Creating a Custom Field Type in Ninox

By Adam Davidson, Director of Product Management

This article is the first in a series of articles that will outline how to create an HTML slider and integrate it with Ninox to create a new field type. For this week, we will set up the slider and use some Javascript to display its current value as a number above the slider. In the ensuing articles we will connect the slider to Ninox to give it a memory and make it functionally a new field type.

First, insert the slider element into a formula field. See the code for this below:

					html("<input type='range' min='0' max='100' value='50'>")				

The input element is a self-closing tag; ie. we can omit the closing tag in the form of </input> for this element (adding the closing tag will still work). You can see that we have specified three attributes to the element. The “type” attribute specifies that this element will be a slider or “range” input element, while the min and max attributes specify the minimum and maximum values for the range. The “value” attribute sets the starting position for the slider. If you save a formula field with the above code you will see something like the following (the slider may look different for you based on your browser and OS):

The slider can be moved around but we cannot see its exact value, so we will add a number above the slider to display the value of the slider. To do this we need to use some Javascript. The way that javascript is attached to an HTML event is through events. In this case we will add an event attribute to the input element.
An event attribute is a type of attribute which takes javascript as a value. Common event attributes include onclick, onchange, onmouseover, and oninput. Javascript inserted through these attributes will be executed whenever the event is fired. For example javascript inserted into the onclick event will be executed whenever the user clicks on the element. We will insert Javascript into the oninput event attribute for the input element, since this event will fire whenever the user interacts with the slider.

	<div id='my_slider_val'>50</div>
	<input type='range' min='0' max='100' value='50'
			let sliderVal = getElementById(""my_slider_val"");
			let slider =
			sliderVal.innerHTML = slider.value;

In the above code a new element with tag-name “div” has been added above the input element. This element is where the value of the slider will be displayed. The content of the div element is 50 to start out with, since that is the starting value for the slider. The ‘div’ element type was chosen because it is a generic element that does not have any default styling. The div element here also has an ‘id’ attribute which is an identifier that will be used to locate the element from Javascript.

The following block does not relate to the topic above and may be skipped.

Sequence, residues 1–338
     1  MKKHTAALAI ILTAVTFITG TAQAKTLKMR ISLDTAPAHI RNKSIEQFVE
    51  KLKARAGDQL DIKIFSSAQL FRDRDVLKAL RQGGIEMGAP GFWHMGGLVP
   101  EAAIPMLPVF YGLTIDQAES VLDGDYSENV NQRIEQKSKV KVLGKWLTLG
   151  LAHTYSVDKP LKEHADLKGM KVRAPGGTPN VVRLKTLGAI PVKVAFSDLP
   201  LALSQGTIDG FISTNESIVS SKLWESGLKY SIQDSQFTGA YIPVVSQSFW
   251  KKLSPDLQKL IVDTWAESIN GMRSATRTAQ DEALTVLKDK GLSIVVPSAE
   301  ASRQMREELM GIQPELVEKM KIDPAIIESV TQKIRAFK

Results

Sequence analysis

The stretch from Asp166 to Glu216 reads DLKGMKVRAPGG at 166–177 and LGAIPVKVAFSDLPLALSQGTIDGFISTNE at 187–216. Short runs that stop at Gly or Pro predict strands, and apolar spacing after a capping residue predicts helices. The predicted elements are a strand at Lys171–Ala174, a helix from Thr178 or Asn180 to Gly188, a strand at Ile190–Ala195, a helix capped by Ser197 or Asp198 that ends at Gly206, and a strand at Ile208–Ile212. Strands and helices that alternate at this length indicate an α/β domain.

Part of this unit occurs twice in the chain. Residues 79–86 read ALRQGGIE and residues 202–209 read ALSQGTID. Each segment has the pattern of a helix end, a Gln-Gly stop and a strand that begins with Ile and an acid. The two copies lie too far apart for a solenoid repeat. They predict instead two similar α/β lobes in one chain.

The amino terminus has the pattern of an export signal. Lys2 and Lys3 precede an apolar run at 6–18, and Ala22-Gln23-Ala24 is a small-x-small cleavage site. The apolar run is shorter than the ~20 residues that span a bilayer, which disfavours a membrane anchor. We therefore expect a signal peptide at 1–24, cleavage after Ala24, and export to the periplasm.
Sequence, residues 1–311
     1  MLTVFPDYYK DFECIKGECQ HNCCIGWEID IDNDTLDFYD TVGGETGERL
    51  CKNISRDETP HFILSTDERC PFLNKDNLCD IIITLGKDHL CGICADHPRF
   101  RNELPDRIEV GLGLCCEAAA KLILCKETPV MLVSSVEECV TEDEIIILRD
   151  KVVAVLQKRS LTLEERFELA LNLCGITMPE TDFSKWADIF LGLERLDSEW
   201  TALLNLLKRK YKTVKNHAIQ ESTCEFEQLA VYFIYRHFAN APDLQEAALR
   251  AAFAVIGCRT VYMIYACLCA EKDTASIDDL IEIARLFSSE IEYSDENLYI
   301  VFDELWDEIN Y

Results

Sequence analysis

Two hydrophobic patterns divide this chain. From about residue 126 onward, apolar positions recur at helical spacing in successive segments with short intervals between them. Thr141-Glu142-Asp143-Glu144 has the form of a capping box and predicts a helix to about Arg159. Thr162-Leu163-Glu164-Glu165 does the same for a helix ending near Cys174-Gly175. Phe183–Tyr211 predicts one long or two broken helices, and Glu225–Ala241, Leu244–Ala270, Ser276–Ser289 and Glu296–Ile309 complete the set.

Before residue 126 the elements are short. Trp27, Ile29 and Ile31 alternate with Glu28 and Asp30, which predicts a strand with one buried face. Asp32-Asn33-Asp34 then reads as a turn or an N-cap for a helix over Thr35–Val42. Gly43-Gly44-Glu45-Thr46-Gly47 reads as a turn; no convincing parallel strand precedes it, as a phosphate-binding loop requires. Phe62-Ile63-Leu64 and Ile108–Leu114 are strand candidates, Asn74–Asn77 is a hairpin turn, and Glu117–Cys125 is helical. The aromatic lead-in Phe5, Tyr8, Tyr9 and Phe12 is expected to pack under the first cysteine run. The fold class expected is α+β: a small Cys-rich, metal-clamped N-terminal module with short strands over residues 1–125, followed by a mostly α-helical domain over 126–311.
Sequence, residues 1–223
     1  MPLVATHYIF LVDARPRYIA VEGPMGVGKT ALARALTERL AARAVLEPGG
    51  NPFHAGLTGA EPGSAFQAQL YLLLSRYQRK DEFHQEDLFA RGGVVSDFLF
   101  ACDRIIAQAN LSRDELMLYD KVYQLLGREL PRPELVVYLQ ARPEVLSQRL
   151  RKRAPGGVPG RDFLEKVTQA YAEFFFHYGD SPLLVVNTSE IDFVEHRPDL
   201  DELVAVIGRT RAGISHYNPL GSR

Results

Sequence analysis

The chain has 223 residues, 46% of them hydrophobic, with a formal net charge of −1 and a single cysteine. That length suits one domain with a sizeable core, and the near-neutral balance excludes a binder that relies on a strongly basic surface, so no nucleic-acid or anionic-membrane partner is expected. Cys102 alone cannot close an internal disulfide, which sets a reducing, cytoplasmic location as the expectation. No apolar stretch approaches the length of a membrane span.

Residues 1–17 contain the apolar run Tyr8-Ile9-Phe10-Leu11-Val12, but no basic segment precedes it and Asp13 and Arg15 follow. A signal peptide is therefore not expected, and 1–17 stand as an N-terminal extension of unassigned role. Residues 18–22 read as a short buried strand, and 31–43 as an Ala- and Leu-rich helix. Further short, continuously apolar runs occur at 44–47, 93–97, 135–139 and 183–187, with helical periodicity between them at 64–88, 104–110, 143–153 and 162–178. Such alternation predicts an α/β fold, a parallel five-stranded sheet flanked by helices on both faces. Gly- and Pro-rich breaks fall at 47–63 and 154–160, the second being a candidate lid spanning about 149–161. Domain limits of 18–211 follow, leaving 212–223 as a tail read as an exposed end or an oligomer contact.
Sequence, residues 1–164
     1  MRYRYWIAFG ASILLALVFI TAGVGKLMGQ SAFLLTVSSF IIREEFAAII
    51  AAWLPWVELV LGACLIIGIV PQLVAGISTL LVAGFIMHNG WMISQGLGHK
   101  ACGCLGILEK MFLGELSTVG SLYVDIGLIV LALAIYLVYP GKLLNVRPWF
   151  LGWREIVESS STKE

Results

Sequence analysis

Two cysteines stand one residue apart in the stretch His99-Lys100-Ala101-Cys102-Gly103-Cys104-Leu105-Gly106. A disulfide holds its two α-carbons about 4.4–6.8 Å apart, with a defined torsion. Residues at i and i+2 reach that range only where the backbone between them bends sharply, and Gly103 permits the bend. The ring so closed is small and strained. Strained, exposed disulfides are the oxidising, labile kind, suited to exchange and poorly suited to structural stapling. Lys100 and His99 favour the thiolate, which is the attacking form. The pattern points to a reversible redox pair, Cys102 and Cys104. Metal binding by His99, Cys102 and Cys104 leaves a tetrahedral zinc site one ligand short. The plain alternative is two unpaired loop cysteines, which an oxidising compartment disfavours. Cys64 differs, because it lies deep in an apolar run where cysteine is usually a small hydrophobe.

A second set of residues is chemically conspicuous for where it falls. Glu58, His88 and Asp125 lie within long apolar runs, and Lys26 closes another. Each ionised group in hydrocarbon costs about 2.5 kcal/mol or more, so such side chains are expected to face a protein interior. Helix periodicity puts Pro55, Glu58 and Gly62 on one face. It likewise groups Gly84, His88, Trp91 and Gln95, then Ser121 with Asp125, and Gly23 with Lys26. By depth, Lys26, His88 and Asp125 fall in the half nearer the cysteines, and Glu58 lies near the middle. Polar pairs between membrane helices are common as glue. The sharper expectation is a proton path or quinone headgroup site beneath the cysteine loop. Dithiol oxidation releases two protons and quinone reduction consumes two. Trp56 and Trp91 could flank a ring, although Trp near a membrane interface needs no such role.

The Javascript in the “oninput” attribute starts with let sliderVal = getElementById(“”my_slider_val””). The function getElementById() looks through the HTML elements in the page and returns the first element it finds with the specified “id” attribute. The sliderVal variable now stores a Javascript Object which represents our HTML element. This object follows the HTML DOM (Document Object Model) standard, which provides a way for us to manipulate the html element in javascript.

While the first line gets the div element, the second line gets the input (slider) element. Since this javascript is being called from an event that was triggered by the input element itself, we can get a reference to this element with instead of searching through the page with getElementById(). This assigns a DOM object representing the input element to the “slider” variable just as the first line assigns a DOM object representing the div element to the “sliderVal” variable.

The second line then changes the contents of the div element to the “value” of the input element. We can access attributes of an HTML element by reading the properties of its DOM object. Here we get the “value” attribute of the input element, which stores the current value of the slider, with “slider.value”. the value of the slider is assigned to a property of “sliderVal” called “innerHTML”. This property can be used to read or write the contents of an HTML element.

Running this code will give the following result: (In the example below the following adjustments have been made to the formula field: style > background color is set to white, style > Text align is set to center, Label Position is set to hidden, and the field has been expanded to show all the contents)

Now we have a functioning slider, and we can see the numeric value!  At this point, the slider has no memory and does not communicate with Ninox.  Next week we will see how we can establish communication between Ninox and this slider (or any HTML).